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Timeline of Scottish History

A timeline of events in Scottish History!. Scroll through a growing chronology of events and click on them for more details and links


Scone, with its sacred stone, being so near Perth and the Highlands, was perilous, and the coronation of James II. was therefore held at Holyrood (March 25, 1437).  The child, who was but seven years of age, was bandied to and fro like a shuttlecock between rival adventurers.  The Earl of Douglas (Archibald, fifth Earl, died 1439) took no leading part in the strife of factions: one of them led by Sir William Crichton, who held the important post of Commander of Edinburgh Castle; the other by Sir Alexander Livingstone of Callendar.

The great old Houses had been shaken by the severities of James I., at least for the time.  In a Government of factions influenced by private greed, there was no important difference in policy, and we need not follow the transference of the royal person from Crichton in Edinburgh to Livingstone in Stirling Castle; the coalitions between these worthies, the battles between the Boyds of Kilmarnock and the Stewarts, who had to avenge Stewart of Derneley, Constable of the Scottish contingent in France, who was slain by Sir Thomas Boyd.  The queen-mother married Sir James Stewart, the Black Knight of Lorne, and (August 3, 1439) she was captured by Livingstone, while her husband, in the mysterious words of the chronicler, was “put in a pitt and bollit.”  In a month Jane Beaufort gave Livingstone an amnesty; he, not the Stewart family, not the queen-mother, now held James.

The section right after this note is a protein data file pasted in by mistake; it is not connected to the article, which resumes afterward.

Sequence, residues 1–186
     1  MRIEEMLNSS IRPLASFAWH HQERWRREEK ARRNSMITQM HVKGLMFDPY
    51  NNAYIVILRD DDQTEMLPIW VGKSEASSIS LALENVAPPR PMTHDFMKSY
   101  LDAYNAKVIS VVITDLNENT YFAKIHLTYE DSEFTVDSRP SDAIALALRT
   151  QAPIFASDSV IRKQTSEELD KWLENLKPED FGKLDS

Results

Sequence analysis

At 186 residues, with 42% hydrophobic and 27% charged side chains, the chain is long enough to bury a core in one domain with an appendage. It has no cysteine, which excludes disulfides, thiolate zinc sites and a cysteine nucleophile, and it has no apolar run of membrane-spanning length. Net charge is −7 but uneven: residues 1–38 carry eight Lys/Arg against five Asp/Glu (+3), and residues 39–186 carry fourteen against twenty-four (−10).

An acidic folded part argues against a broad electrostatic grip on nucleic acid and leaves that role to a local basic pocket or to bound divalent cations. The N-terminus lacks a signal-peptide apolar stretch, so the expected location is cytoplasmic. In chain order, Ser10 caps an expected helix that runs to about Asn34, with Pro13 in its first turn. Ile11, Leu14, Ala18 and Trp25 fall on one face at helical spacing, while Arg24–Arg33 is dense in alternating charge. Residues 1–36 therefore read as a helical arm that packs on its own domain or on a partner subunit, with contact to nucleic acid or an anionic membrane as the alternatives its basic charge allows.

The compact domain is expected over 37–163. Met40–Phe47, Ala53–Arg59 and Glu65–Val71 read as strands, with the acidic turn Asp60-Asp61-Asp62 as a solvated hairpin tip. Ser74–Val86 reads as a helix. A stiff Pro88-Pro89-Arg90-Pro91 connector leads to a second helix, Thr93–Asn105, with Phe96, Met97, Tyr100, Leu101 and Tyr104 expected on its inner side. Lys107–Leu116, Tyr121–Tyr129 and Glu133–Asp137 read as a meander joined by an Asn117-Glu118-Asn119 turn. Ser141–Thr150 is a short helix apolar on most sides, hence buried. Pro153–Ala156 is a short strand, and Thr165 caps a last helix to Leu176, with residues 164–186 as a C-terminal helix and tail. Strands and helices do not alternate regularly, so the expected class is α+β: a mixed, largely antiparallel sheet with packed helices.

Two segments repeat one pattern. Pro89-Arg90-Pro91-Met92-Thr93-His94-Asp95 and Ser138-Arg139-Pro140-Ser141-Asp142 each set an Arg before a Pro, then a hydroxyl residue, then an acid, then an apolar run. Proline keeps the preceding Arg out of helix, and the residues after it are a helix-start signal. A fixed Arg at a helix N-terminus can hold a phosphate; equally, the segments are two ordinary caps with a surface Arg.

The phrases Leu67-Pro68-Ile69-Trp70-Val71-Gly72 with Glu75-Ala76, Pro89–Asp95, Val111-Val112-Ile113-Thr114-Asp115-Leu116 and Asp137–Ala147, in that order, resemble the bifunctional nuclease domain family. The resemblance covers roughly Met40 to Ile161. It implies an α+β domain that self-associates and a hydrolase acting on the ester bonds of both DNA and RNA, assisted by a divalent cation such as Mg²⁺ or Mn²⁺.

To all this the new young Earl of Douglas, a boy of eighteen, tacitly assented.  He was the most powerful and wealthiest subject in Scotland; in France he was Duc de Touraine; he was descended in lawful wedlock from Robert II.; “he micht ha’e been the king,” as the ballad says of the bonny Earl of Moray.  But he held proudly aloof from both Livingstone and Crichton, who were stealing the king alternately: they then combined, invited Douglas to Edinburgh Castle, with his brother David, and served up the ominous bull’s head at that “black dinner” recorded in a ballad fragment. {61}  They decapitated the two Douglas boys; the earldom fell to their granduncle, James the Fat, and presently, on his death (1443), to young William Douglas, after which “bands,” or illegal covenants, between the various leaders of factions, led to private wars of shifting fortune.  Kennedy, Bishop of St Andrews, opposed the Douglas party, now strong both in lands newly acquired, till (July 3, 1449) James married Mary of Gueldres, imprisoned the Livingstones, and relied on the Bishop of St Andrews and the clergy.  While Douglas was visiting Rome in 1450, the Livingstones had been forfeited, and Crichton became Chancellor.

The Douglases, through a royal marriage of an ancestor to a daughter of the more legitimate marriage of Robert II., had a kind of claim to the throne which they never put forward.  The country was thus spared dynastic wars, like those of the White and Red Roses in England; but, none the less, the Douglases were too rich and powerful for subjects.

The Earl at the moment held Galloway and Annandale, two of his brothers were Earls of Moray and Ormond; in October 1448, Ormond had distinguished himself by defeating and taking Percy, urging a raid into Scotland, at a bloody battle on the Water of Sark, near Gretna.